Scattered throughout the County in the later half of the nineteenth century were cider mills. Some of the mills were large scale operations, while others were presses owned by farmers, used to make some extra money. As mixed farming was prevalent during the early European settlement days, many farms had orchards and would need to process their fruit. Apples could be kept over the winter or made into cider, hard cider, syrup, apple cider vinegar and apple butter. Below are some examples of cider mill operations.
Louis and Catherine Lobsinger – Carlsruhe
Louis and Catherine can be found farming in Carrick Township on the 1861 Canadian Census. By the late 1860s, Louis began operating a sawmill in Carlsrhue. By the early 1800s, the business had expanded to include a cider and chopping mill. Upon Louis’ death in 1886, Catherine took over both the saw and cider mills. She can be found in gazetteers and directories operating the cider mill until the early 1900s, retiring between 1903 and 1910.
Moltke Cider Mill – Moltke
Fred and Baltzer Weigel, who settled in Moltke in the 1860s built a cider mill in the 1870s. Their first venture was making vinegar, which they stored in large barrels and sold to stores. A steam engine was added and they rented out special copper kettles to settlers to make their own apple butter at home. The first apple butter made at the mill was in the early 1900s, using steam, copper pipes and wooden vats. To their mixture they added soda, which neutralized the acidity of the apples and added a sweetness to the flavour. At the turn of the century the mill was sold to the Ruhl family which made improvements to the equipment in the mill. A change in ownership occurred again in 1925 when the Ortman family purchased the mill and continued to make apple butter. This mill was known locally for its high-quality apple butter and was operated until 1970. The photo seen here of the mill was taken in 1968, shortly before the mill stopped operation.
Paisley Cider Mill – Paisley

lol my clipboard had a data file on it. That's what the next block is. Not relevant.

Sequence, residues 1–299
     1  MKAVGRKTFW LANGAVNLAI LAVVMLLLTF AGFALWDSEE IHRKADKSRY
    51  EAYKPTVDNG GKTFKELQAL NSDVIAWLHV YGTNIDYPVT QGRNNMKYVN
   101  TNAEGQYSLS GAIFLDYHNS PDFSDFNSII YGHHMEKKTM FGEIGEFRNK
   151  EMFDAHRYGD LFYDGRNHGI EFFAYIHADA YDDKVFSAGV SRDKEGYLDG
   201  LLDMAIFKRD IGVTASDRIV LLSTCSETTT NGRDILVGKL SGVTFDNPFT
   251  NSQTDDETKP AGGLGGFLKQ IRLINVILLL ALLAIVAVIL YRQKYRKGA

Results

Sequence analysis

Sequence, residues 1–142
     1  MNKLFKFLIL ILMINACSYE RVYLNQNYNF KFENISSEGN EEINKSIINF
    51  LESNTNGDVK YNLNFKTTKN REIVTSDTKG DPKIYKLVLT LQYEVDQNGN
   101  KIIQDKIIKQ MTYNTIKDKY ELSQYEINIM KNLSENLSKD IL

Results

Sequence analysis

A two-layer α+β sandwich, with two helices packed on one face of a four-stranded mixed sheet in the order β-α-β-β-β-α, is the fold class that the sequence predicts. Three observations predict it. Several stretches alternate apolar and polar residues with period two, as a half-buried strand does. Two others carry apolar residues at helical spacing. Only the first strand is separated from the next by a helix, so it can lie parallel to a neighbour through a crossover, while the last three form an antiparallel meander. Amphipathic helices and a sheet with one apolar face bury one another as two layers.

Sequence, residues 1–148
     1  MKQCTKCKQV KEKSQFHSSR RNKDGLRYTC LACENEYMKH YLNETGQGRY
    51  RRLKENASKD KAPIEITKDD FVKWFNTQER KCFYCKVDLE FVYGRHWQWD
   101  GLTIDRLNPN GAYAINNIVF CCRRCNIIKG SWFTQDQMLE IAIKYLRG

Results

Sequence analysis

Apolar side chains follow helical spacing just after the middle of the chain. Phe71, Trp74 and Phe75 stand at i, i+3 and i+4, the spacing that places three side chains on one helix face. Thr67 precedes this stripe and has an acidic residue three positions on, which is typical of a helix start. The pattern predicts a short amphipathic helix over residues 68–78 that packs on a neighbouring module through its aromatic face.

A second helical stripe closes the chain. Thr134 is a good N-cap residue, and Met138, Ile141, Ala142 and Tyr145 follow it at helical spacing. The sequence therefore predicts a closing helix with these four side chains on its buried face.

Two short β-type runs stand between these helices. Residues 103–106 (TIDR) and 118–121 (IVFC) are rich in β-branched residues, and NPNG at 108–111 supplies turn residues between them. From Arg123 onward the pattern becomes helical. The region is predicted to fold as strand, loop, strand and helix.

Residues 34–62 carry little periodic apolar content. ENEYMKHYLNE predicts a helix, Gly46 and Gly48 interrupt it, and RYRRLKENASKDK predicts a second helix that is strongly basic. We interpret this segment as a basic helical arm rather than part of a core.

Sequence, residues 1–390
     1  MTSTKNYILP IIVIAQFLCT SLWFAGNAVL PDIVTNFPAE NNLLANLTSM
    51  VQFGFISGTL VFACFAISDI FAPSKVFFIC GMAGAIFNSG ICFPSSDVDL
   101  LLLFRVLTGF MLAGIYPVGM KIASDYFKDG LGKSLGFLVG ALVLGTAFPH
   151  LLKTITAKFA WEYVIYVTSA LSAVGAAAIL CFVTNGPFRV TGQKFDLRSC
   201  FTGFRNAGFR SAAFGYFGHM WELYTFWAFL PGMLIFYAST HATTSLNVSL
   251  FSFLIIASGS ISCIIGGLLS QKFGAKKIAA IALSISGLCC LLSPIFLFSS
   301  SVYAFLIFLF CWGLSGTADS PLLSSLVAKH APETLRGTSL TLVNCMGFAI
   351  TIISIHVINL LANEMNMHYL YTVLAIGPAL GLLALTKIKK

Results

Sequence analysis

The cider mill seen in this photo was the original site of the Paisley Creamery, whose name can be seen on the building on in the photo. Located on Mill St., this site was purchased in the early 1920s by Henry Hergott, and operated through the 1970s. This photo of the mill was taken in 1967 while it was still in operation.
Hergott-Lobsinger Apple Butter & Cider Plant – Mildmay
A big name in the apple cider business in Bruce County was Hergott Bros. Based in Mildmay, not only did Hergott Bros. operate a cider mill, they were also manufacturers of apple cider presses and evaporators. Though manufacturing of machinery began decades prior, Hergott Bros. began operating a cider mill in 1903. Farmers were responsible for bringing their apples, and barrels to the mill where they could be pressed into cider or made into apple butter. Like the Weigels, Hergott Bros. put soda into their apple butter to reduce acidity.
In 1928, Jacob Hergott bought his brother Henry’s half share of the business, as Henry had started up a cider mill in Paisley. Jacob operated the mill until 1938, when it was sold to brothers Charles and Philip Lobsinger. Under the Lobsinger Bros. the cider mill saw expansion. With rations on sugar during the Second World War the popularity of apple butter surged and apple butter from the mill was shipped throughout Ontario. Philip Lobsinger retired in 1962, and upon Charles’ death in 1972 the company ceased operation.
Hergott Bros./Lobsinger Bros. Apple Cider Presses and Evaporators
Jacob and Henry Hergott began manufacturing apple cider presses prior to 1891. A list from 1891 shows several cider mills throughout Bruce County were using their machinery including the ones in Carlsruhe and Moltke mentioned above. Others included Dunkeld, Paisley, Chepstow, Teeswater, Hepworth, Port Elgin, and Walkerton. Jacob Hergott had designed a press known as a Knuckle Joint Cider Press – this press was for industrial use rather than for small operations and was custom made. When Jacob sold the cider mill to the Lobsinger brothers in 1928, he also sold the manufacturing business. As part of expansion, Lobsinger Bros. switched from custom work to commercial production and introduced a “junior”, a hand press as well as a grape crusher. Production of presses and evaporators continued into the 1960s. The image of the Junior Press is taken from a promotional pamphlet.